It has been fashionable in conservation debates in recent years to talk of working at a ‘landscape-scale’ as promoted in the Lawton report. Approaches needed include, as in the example below: (a) improving the quality of habitat patches, for example by coppice restoration; (b) making existing sites bigger; (c) enhancing connectivity through a new woodland corridor or (d ) stepping stone patches; (e) creating new woods; reducing pressures on existing patches through (f) establishing scrub-grassland buffers and ecotones, or (g) more general biodiversity enhancement in the surrounding farmland.
Landscape scale is though one of those phrases which, like the term ‘rewilding’, conveys a useful general idea but whose meaning depends a lot on the context in which it is used. So, there are various different ways in which we could look at how the landscape around Wytham works.
We can start with the current physical landscape: the way the wooded hill sits in a big bend in the River Thames, with farmland and roads on all sides. The hill stands up from the floodplain, catching the wind (and any pollution it brings), creating different microclimates on the north and south-facing slopes. It is product of its geology, the remnants of limestone reef overlaying sand and then clay at the bottom.
The current landscape is only the latest incarnation; over the last two hundred years the area of woodland around the hill has generally increased. The farming around the woods has changed dramatically with arable increasing and decreasing according to changes in the markets, subsidies or government policies. Key species have increased or decreased at different times – the crash in rabbit populations in the 1950s, the subsequent rise in the deer population, the creation of beech plantations, the loss of elms and possibly now ash to new diseases. What we have is a legacy of historic landscapes determined by previous human interventions, from the planting of individual trees to the fellings driven by World Wars, as well as by environmental factors.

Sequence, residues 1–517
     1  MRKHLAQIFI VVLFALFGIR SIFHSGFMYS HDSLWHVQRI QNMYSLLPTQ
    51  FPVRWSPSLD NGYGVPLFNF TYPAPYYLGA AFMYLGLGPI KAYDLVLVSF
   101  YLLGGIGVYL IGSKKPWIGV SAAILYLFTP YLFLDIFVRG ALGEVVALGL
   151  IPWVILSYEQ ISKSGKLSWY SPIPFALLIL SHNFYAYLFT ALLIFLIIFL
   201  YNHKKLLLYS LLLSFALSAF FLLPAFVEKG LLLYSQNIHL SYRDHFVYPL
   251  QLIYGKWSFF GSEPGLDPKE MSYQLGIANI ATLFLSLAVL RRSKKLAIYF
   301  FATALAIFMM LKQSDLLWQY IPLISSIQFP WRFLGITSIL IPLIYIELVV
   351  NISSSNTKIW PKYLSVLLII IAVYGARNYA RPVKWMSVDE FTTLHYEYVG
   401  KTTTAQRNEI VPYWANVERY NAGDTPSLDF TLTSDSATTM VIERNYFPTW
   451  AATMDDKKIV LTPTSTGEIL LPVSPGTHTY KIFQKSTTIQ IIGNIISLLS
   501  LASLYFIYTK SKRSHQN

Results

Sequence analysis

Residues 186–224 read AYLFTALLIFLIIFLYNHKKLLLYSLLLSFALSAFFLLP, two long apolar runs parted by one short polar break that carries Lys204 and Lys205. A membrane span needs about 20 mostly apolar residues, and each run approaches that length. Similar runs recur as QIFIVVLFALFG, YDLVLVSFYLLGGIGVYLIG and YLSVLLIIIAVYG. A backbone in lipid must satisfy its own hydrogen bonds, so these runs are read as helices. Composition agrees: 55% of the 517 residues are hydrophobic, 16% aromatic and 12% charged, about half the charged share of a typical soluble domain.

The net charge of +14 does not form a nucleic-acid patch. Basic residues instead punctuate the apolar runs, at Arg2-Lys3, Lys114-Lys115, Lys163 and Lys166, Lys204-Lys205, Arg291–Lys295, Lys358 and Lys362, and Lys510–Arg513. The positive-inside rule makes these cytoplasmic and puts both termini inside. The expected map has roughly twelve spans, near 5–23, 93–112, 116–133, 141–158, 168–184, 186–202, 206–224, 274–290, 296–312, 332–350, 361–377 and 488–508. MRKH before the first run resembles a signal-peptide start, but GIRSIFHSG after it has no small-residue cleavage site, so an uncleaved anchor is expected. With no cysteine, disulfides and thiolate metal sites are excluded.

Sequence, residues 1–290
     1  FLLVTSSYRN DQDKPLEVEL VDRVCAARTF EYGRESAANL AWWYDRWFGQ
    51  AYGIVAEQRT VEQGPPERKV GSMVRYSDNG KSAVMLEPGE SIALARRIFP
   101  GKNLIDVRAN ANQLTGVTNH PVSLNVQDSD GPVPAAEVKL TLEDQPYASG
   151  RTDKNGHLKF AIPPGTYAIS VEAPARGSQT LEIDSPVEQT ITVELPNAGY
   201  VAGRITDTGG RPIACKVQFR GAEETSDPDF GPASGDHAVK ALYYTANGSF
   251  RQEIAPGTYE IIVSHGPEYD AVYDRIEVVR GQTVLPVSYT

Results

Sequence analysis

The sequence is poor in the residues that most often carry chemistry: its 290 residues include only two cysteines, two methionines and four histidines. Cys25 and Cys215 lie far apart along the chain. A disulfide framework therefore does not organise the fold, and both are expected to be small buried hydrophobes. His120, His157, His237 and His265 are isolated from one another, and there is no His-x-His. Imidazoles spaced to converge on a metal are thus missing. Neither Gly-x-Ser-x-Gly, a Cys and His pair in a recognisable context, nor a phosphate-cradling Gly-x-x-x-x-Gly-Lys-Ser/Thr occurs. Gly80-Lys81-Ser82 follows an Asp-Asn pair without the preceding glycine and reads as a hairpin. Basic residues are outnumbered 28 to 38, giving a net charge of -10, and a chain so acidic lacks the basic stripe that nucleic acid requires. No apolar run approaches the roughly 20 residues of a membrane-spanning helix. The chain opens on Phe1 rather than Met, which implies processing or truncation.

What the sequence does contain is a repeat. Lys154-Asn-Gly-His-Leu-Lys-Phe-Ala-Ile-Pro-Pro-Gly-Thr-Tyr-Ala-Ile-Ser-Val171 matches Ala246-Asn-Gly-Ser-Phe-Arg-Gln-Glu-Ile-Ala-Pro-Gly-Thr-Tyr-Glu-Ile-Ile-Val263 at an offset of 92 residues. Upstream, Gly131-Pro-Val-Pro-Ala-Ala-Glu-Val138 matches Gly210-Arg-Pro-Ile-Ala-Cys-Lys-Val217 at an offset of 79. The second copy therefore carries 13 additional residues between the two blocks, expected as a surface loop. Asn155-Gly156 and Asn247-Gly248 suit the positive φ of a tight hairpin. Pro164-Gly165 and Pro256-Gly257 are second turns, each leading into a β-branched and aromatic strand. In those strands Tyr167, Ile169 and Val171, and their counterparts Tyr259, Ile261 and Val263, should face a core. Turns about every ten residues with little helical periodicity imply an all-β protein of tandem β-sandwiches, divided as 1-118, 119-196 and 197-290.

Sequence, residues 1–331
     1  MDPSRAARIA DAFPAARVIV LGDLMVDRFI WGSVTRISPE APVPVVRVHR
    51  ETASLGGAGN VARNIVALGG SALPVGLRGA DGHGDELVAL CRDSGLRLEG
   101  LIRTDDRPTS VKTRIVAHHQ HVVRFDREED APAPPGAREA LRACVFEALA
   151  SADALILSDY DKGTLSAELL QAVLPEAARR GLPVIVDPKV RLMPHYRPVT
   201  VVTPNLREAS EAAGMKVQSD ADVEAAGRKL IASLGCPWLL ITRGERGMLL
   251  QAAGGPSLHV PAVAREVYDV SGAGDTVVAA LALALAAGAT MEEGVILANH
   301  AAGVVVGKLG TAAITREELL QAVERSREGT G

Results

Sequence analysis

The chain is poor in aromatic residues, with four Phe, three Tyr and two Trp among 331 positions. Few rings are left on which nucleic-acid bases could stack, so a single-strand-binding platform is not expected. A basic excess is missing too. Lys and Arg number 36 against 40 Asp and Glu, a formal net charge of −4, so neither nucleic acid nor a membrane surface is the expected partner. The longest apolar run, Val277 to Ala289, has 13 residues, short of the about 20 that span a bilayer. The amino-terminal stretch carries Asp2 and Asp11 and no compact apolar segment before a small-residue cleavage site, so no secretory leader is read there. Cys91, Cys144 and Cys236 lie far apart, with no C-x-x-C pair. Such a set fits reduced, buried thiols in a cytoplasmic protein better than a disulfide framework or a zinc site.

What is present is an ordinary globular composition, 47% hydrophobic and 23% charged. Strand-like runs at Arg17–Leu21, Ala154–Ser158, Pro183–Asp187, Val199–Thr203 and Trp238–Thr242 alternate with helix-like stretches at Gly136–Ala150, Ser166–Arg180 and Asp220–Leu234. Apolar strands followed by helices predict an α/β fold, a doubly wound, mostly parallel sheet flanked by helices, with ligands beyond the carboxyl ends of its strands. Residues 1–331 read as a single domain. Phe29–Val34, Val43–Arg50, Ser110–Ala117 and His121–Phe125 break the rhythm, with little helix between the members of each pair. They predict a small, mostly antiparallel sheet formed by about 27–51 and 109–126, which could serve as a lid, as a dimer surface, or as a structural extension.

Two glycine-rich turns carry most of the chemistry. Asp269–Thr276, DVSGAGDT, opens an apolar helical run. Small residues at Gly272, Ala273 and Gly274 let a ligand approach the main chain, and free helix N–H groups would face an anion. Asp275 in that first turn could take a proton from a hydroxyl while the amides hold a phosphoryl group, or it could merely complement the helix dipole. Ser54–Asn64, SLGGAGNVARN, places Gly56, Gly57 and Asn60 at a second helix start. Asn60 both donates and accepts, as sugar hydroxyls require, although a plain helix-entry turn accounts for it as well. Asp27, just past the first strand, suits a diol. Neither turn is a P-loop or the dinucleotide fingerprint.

The landscape can also be looked at as a series of stocks and flows of energy, biomass, water and nutrients, some of which are reasonably well-contained within the Wytham estate, whereas others depend on inputs from and exports to the wider region. Carbon dioxide from elsewhere is currently being sequestered in the woods, as well as being circulated locally; rainfall hitting the hill similarly goes through various local cycles, but ultimately much of it will drain out the bottom and into the Thames.
Our landscape-scale is influenced by our size and visual cues from ground level. That scale may be far too big or far too small for other species. The landscape for some insects is effectively a collection of hollows in a few big oaks; others may move amongst the canopy and rarely come down to ground level. The yellow-bird’s nest seems to have been constrained to just two small areas of beech for at least the last 100 years. Great tits may largely move around within just one part of the Woods, but badgers move out into the surrounding fields. They may be constrained by the roads and river around the estate, but pine martens, if they ever return, would need to range much further.
The human users of the area have their own different landscapes as well. Some researchers work across the woods as a whole, others only in small parts of them, while for some Wytham is only one site of many that their studies encompass. There are other landscapes of our minds: are we viewing the woods as sources of data for a research paper, or the inspiration for a poem or sculpture.
Landscape-scale thinking is a good idea, but we need to look at it across different dimensions in time as well as space.